Written by Ayoub Khouyi


Design for Additive Manufacturing - Part 1

TL; DR: Unlocking the power of 3D printing with these tips for “Design for Additive Manufacturing” (DfAM)

In this guide, we will be looking at SolidWorks as a CAD software, and PrusaSlicer as a slicing software.

What is DfAM?

The art of fine-tuning 3D designs to optimize the functionality and resolution of 3D printed parts. The implementation of DfAM is based on including manufacturing and assembly knowledge in the design phase. By following the tips in this guide, you will unleash the power of your 3D printing.

Layer orientation

Before diving into some design tips, it is crucial to carefully consider the layer orientation. This decision plays a pivotal role in determining the part's structural performance. The choice of layer orientation should primarily hinge upon the direction of any possible loads that the final part will be subjected to. By aligning the printed layers with the expected loads, you can enhance the printed part's strength and durability. This becomes particularly significant because the cracks in 3D-printed parts often initiate from the interlayer gaps.

This basic bracket analysis demonstrates the connection between the orientation of individual layers and the force exerted on the bracket. When subjecting the bracket to a perpendicular load from the right side, we could easily identify the location of maximum stress, indicated by the yellow colour.

 Bracket 3D CAD

 Static Study

Therefore, ensuring that the applied load is along the length of the layer lines rather than across them will guarantee that stress is spread equally across several layers rather than a single layer.

 Across layers view

Along the length of the layers view


An overhang in 3D printing means a section of the printed part that sticks out horizontally beyond the layer just below it, which leads to printing mid-air. When it comes to printing such overhangs, most 3D printers face challenges when the angle exceeds 45 degrees. This happens because the melted material used in 3D printing needs a solid base to stick to and cool down properly. If the overhang angle is greater than 45 degrees, gravity pulls the extruded filament which will negatively impact the rest of the print.

Sliced overhang test model

Good overhang

Bad overhang

Sometimes, you can avoid overhangs by just reorienting your part in your slicer. However, if reorienting is not eliminating overhangs, especially when you have more than one in different directions, then the next design tips are for you:


A simple automated feature found in most CAD software. It's used to smooth out sharp angles by creating an angled or bevelled edge. Essentially, chamfering reduces the sharpness of an angle, making it more suitable for 3D printing on most printers. In contrast, there is also a similar tool called "Fillet," which serves the same purpose as chamfer but with a different approach. Instead of creating an angled edge, fillet connects two surfaces with a rounded edge. However, fillet is generally less efficient than chamfer. The main reason for this is that the stepped or stair-like effect produced by connecting two surfaces with the fillet tool is less consistent and uniform than if you used chamfer. Consequently, fillet can decrease the effectiveness of supporting overhanging structures during 3D printing.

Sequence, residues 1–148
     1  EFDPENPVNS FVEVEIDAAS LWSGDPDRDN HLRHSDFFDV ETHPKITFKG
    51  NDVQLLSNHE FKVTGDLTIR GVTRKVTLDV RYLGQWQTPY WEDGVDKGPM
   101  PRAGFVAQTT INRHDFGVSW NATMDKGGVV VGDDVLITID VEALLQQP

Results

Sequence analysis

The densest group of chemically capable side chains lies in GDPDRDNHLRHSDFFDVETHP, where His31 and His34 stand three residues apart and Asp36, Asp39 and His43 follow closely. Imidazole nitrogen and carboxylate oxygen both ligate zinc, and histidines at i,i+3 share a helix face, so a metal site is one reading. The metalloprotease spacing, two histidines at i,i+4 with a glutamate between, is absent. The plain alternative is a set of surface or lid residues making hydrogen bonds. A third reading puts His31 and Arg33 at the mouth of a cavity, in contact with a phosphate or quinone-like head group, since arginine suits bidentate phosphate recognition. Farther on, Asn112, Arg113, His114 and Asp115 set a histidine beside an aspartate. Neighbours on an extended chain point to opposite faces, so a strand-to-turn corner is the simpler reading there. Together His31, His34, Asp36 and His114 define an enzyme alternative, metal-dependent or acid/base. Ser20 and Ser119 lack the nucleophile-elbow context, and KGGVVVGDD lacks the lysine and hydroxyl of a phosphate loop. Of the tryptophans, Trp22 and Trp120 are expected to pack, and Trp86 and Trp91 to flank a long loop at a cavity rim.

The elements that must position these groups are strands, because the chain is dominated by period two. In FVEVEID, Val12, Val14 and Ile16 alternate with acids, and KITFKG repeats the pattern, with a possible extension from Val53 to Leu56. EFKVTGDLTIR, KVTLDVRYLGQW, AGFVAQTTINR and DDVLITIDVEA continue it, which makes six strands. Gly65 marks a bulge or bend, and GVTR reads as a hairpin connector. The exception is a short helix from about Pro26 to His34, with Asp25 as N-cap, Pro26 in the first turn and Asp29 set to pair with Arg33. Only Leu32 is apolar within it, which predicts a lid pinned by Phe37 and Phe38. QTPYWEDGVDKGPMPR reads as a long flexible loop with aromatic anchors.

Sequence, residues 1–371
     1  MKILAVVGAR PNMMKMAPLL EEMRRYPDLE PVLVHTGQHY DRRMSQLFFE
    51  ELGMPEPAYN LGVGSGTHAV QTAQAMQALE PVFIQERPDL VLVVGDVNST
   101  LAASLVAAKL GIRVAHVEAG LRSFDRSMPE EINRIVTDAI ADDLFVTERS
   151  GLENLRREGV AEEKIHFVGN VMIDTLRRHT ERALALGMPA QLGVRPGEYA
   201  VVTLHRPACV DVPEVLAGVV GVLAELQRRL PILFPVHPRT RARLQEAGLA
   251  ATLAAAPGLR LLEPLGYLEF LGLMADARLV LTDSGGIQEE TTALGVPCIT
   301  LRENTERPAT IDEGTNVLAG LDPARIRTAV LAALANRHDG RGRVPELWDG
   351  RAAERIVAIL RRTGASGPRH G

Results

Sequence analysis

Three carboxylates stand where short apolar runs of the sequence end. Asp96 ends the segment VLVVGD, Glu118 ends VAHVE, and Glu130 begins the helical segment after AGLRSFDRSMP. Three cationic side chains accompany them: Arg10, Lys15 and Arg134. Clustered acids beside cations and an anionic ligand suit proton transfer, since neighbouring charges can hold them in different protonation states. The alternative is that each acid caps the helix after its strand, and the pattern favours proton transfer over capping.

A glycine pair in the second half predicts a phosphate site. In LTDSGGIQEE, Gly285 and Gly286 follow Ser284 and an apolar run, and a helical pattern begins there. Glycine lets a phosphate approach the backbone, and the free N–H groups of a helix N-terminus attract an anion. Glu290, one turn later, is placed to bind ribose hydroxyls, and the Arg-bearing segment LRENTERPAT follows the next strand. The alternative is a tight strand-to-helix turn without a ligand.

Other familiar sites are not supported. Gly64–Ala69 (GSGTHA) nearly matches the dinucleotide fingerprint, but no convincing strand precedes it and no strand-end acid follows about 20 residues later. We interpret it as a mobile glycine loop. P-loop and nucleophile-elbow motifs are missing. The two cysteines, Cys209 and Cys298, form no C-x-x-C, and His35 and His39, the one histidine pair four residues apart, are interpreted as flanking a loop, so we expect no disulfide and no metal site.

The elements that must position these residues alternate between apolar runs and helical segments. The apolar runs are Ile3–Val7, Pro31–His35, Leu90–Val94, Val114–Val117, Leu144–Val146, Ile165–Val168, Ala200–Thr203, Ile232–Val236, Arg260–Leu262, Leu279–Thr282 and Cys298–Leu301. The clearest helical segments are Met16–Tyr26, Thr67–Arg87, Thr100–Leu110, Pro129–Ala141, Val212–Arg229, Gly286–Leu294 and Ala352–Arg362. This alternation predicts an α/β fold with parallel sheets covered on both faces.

Supporting an overhang with a Fillet.

Supporting an overhang with a Chamfer.

Splitting the model

When dealing with complex designs that have extensive overhangs, splitting the model into multiple components is a highly effective strategy. This approach allows you to print each part separately, reducing the need for support structures and ensuring that each component is printed optimally flat along the print bed. If you consider using this technique to avoid overhangs in your design, here is how to make the most out of it:

Examine your 3D model and identify natural splitting points where the components can be separated and later assembled. These points are often where parts connect logically or where the geometry allows for disassembly and assembly. The following example illustrates a potential splitting point that can be used to split the model having a challenging overhang.

Sliced bracket utilizing support material

Split bracket for support-free printing 

When designing parts that will be assembled after printing, consider including features like alignment pins, slots, interlocking mechanisms, or threaded connections. This ensures that the components fit together precisely, enhancing the overall functionality of the final object.


In 3D printing, a "bridge" refers to a part of the printing process where the extruder deposits filament in mid-air between two supported points within the same layer. This technique enables designers to create structures that span open gaps without the necessity of using support material beneath the bridge.

The length of the bridge is a crucial parameter to consider before starting your design. Most printers can print bridges over distances up to 100 mm. However, your first layer may fail beyond 100 mm bridge unless your 3D printer has an efficient cooling fan, and the printing settings are fine-tuned.

60 mm bridge

120 mm bridge

As the structure of the first layer in a bridge is essential for a successful print, avoiding complicated patterns has the potential to increase your chances of printing a solid bridge. If patterns other than straight lines are unavoidable in your design, then you could consider having the base first layer of the bridge as a straight line and then build up any patterns on top of it.

DfAM is more than just a design philosophy; it's a bridge between creativity and manufacturing feasibility. It empowers designers to leverage the unique advantages of 3D printing, resulting in parts that are stronger, more durable, and better suited to their intended purposes.